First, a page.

Hypothyroid patients getting thyroid prescriptions filled are fast discovering that Levoxyl (a brand of levothyroxine drug – synthetic T4 – made by Pfizer) is off the market currently, and not due back on the market until at least the middle of 2014. Various excuses have been offered by the company – odor of the tablets, and so on — but they’ve pulled all sizes of Levoxyl off and it looks like it will be a full year before it’s back on the market. Meanwhile, Levothroid, another brand of levothyroxine, is also currently not available.
For thyroid patients taking Levoxyl or Levothroid, you’ll need to get an equivalent thyroid medication. Your options include the following:
- Unithroid – a brand name levothyroxine drug (tablet)
- Synthroid – a brand name levothyroxine drug (tablet)* (*Note – Synthroid has both acacia and lactose as fillers – so be aware of potential allergic reactions )
- Tirosint – - a brand name levothyroxine drug (liquid cap – hypoallergenic)
- Generic levothyroxine from various manufacturers (only recommended if you can ensure that you will get refills from the SAME manufacturer each time, otherwise you risk getting some variation in potency from one generic drug to the other, even at same dosage size)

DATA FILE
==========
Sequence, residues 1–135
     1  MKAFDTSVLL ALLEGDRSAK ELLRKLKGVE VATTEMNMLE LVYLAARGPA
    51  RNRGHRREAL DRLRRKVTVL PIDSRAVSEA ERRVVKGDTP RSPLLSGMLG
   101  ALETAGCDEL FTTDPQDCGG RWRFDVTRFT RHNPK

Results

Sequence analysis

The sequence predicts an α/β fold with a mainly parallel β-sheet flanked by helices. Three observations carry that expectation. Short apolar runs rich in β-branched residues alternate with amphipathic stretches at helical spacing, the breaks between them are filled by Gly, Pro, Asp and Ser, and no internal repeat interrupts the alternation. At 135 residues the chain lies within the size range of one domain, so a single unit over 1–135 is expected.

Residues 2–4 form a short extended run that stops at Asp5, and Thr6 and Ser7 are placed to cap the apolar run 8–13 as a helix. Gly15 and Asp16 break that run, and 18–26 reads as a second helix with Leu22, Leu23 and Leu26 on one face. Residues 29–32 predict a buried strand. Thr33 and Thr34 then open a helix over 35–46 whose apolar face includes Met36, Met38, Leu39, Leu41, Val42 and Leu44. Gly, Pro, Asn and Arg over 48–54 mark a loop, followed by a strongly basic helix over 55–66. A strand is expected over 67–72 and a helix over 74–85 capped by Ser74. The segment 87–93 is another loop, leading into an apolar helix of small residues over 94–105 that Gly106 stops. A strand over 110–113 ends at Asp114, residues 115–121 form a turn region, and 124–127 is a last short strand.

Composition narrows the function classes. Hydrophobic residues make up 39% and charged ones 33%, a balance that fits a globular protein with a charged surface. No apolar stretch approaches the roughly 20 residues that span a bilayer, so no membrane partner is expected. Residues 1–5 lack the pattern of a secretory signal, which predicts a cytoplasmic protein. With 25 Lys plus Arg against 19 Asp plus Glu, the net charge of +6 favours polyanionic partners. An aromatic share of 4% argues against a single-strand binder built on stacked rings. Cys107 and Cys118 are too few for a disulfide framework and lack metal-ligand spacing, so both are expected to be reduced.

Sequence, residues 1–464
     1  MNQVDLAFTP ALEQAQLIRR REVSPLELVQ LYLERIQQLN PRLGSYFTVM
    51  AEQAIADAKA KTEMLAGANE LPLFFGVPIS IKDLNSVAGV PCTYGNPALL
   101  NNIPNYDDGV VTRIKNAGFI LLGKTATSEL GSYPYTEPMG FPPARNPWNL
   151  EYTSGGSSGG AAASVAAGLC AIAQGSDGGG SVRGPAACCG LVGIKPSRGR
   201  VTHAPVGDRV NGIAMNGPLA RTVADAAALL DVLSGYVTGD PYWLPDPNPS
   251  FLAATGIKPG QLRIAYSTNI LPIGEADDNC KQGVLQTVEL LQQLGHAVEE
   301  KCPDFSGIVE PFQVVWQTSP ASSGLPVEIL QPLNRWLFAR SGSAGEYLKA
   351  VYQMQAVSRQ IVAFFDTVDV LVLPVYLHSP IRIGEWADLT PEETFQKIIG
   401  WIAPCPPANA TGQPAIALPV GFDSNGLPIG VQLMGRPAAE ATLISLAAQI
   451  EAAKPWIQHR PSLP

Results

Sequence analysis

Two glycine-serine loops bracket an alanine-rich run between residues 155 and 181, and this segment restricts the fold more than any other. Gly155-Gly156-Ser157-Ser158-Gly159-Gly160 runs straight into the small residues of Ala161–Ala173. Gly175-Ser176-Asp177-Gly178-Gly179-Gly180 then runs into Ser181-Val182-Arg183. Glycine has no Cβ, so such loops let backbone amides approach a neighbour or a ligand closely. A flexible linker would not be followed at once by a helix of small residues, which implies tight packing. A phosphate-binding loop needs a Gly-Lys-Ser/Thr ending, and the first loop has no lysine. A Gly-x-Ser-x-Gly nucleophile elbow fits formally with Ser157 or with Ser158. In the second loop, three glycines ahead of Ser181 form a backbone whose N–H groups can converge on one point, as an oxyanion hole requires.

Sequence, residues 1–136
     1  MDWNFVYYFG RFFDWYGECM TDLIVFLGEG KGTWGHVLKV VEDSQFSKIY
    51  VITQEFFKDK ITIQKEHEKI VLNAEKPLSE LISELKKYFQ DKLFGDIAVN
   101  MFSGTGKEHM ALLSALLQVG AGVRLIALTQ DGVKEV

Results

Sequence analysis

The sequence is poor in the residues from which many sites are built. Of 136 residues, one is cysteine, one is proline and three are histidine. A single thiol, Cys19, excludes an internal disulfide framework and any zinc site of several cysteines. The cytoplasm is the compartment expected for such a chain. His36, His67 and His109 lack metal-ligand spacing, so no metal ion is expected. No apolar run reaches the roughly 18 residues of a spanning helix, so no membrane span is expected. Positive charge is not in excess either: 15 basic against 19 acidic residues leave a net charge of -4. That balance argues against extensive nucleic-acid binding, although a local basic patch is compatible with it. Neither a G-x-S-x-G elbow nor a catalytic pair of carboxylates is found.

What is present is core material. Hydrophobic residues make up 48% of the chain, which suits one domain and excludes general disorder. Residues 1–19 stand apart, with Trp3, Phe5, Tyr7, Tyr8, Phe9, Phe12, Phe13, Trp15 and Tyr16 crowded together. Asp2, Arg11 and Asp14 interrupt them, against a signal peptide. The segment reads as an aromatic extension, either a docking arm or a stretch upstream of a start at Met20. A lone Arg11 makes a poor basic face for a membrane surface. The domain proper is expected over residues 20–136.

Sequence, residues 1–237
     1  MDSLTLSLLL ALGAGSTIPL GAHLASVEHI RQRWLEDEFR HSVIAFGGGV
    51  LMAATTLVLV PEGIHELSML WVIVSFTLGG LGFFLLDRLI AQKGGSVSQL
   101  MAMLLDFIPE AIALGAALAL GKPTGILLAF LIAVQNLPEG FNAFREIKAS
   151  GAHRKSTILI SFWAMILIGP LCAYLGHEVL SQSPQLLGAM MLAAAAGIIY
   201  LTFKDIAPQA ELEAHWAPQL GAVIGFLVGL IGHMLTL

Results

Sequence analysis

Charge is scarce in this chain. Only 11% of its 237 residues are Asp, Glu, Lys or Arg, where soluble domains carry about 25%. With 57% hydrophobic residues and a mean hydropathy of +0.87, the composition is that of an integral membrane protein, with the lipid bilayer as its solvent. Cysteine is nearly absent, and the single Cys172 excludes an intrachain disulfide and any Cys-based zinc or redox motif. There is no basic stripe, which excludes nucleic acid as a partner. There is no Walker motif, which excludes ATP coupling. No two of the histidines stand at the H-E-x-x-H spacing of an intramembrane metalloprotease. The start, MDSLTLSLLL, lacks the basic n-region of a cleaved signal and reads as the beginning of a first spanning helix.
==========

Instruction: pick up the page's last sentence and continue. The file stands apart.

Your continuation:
You may be interested in a natural desiccated thyroid drug, which includes both T4 and T3 in natural forms. (Some people do better with the addition of T3.) In that case, your options include:
- Nature-Throid and Westhroid (from RLC Labs), brand name hypoallergenic natural thyroid drugs
- Armour Thyroid (from Forest), brand name natural thyroid drug
- Generic natural thyroid, from manufacturer Acella (considered to be good quality)
A subset of thyroid patients take straight T3. This can be in the form of the brand name Cytomel (synthetic T3), generic synthetic T3 (aka, “liothyronine”), or compounded, time-released (sustained-release) T3.
Compounding pharmacies can also do combinations of any thyroid drugs — levothyroxine, liothyronine, or natural thyroid. (Be sure that you use only a compounding pharmacy that is recommended by your physician for quality work on thyroid drugs.)
Are you having trouble getting your thyroid medications? Share your thoughts here in the comments.